MMO games in the Web Player: lots of players and game performance.

I was wondering how many human players is possible to bring togheter in a MMO genre game, running within the Unity Web Player, before the game starts to drop under 30 FPS.

My idea was some kind of simple game (absolutely not an RPG) where user only have to get the highest number of points while playing togheter (via online multiplayer) in the same scenery, track, or arena. For instance, think about a race like the Paris-Dakar: thousands of cars (the users) races one against the other for the podium.

In order to get the best performance, the game will be designed to run at 30 FPS, using low-poly models, small number of bones, a very small number of variables to handle, without heavy effects for the CPU/GPU, etc.

For whose of you who have some experience with Unity Web Player and online gaming, how many players is possible to get thogheter, approximately?

Your issue most likely won't be with graphics (though old computers may have issues with that many separate meshes if you're not careful), it'll be with the networking side

Every player will have to be sending every other player their current position if they're close together (be it via the server which sends the data to other players, or via peer to peer, which is basically impossible for thousands of players). The amount of data required is actually pretty staggering - you'd be looking at a 1 gigabit upload speed for the server, or a couple megabit or so for peer to peer.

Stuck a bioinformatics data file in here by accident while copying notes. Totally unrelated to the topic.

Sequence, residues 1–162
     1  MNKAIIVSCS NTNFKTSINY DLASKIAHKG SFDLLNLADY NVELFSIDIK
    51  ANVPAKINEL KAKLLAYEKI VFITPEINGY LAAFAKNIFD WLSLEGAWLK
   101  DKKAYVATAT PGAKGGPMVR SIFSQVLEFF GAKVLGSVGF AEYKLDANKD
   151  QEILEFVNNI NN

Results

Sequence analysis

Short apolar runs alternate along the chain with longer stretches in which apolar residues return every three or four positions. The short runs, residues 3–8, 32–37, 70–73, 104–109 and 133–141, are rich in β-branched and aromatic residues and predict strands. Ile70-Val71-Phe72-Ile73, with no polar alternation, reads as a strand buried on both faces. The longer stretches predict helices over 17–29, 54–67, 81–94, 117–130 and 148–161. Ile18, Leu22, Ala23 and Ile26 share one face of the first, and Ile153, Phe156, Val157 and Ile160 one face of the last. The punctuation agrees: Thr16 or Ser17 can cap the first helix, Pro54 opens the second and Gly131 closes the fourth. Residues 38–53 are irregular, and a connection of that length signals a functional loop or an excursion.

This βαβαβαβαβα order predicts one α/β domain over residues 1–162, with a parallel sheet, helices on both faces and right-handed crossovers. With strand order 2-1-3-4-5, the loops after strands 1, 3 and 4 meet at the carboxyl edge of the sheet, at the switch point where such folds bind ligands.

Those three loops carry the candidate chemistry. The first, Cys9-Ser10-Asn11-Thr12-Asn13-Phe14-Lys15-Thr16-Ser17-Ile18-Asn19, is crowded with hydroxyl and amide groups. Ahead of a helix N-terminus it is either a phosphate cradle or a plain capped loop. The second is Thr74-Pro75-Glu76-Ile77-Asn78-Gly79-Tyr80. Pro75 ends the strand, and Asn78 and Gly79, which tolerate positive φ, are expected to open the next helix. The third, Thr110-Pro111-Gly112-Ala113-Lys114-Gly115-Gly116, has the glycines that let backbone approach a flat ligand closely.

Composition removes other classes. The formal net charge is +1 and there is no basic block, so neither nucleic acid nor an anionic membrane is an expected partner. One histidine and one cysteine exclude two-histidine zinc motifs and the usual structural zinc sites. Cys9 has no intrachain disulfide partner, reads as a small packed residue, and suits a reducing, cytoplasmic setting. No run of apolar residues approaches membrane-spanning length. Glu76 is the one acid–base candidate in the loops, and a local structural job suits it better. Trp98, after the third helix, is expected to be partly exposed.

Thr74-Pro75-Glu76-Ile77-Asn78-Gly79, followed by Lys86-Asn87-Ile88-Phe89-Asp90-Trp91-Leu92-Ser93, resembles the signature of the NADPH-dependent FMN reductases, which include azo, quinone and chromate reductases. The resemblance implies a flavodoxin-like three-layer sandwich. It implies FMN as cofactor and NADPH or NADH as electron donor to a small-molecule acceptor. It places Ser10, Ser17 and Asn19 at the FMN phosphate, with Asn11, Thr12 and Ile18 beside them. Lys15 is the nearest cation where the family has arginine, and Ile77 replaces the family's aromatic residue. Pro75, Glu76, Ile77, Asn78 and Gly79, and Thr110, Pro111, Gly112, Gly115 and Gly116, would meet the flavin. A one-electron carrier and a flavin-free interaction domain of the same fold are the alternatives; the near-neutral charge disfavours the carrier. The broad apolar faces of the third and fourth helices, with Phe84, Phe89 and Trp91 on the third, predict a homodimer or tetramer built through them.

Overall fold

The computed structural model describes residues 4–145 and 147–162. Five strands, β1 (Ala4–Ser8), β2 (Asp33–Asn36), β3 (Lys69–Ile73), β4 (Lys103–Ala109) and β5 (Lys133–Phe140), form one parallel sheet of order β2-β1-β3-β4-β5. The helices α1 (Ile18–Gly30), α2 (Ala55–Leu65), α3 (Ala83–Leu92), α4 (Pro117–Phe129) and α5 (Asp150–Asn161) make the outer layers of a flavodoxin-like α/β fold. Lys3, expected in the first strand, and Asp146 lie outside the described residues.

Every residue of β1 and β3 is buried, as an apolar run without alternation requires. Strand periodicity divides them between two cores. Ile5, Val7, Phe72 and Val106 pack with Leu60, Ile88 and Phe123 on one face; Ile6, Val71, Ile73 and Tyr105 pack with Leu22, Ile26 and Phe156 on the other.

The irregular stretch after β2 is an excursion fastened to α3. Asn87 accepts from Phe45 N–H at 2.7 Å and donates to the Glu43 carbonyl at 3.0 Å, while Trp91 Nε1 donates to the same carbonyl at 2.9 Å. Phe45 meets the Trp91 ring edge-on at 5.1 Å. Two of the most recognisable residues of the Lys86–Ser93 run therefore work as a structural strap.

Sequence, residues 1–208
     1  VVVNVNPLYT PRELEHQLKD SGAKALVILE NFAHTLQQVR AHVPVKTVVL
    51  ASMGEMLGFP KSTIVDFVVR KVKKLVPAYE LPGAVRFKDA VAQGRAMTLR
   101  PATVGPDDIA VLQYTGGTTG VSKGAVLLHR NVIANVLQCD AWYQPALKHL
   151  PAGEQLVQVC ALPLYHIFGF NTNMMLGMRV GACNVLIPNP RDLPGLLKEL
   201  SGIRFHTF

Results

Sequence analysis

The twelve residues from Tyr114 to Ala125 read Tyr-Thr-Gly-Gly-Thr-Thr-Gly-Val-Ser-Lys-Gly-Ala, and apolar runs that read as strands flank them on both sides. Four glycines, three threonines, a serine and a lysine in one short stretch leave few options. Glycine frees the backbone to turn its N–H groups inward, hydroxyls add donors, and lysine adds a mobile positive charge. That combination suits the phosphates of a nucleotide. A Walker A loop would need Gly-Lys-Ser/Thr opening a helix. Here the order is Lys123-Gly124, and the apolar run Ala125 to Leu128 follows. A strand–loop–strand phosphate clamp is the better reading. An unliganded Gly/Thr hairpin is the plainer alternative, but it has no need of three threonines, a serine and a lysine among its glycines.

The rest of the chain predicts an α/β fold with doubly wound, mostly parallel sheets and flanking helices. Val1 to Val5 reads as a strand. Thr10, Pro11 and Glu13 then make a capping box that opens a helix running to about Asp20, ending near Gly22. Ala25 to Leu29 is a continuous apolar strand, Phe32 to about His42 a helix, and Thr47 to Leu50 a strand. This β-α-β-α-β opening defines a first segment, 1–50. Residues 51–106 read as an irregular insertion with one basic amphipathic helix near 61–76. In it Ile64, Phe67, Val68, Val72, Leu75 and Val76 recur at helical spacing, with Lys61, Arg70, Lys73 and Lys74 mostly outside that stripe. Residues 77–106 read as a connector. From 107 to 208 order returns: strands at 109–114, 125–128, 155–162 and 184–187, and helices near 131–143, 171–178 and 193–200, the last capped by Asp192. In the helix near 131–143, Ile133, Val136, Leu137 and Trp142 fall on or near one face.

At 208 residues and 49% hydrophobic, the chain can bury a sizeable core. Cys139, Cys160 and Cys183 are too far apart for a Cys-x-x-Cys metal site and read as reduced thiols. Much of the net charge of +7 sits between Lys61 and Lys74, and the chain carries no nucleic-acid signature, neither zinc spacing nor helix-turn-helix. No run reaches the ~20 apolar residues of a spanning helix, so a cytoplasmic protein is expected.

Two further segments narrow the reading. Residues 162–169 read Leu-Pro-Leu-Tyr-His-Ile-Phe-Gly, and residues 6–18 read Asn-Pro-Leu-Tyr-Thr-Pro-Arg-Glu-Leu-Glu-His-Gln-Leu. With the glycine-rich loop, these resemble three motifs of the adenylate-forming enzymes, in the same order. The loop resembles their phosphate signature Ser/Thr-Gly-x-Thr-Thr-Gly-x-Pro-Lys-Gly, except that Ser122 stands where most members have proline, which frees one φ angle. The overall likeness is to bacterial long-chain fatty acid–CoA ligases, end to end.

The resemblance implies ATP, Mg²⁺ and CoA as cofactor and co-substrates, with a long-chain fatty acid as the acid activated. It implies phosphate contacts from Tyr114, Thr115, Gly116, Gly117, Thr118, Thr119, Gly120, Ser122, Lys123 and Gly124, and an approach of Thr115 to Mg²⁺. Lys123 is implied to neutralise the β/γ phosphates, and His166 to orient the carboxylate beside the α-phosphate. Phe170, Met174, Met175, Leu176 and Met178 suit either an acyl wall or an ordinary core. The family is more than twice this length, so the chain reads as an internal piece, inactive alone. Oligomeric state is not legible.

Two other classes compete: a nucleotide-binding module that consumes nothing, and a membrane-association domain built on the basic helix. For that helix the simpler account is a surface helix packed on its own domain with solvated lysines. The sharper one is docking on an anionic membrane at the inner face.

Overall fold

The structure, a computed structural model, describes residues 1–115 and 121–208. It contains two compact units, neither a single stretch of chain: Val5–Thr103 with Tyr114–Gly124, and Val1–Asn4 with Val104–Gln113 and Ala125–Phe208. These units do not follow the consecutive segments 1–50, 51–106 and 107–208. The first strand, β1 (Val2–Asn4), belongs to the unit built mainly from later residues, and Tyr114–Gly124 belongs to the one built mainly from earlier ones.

On top of that, the cpu usage for handling it is pretty severe - you'll need to synchronize moving the player positions with unity, which throws threading out of the window for added "fun"

Both of those are unreasonable, so it's more a case of how well you can code it. You'll need to make sure you're barely sending packets to cars outside the nearest 10 or so, and then add heavy interpolation/extrapolation for the rest.

I'm not saying it isn't possible (It most likely is, though you'll have scary issues at the starting line) , but it'll take a hell of a lot of work to make it work, and a pretty hefty server on a backbone, which will be rather expensive.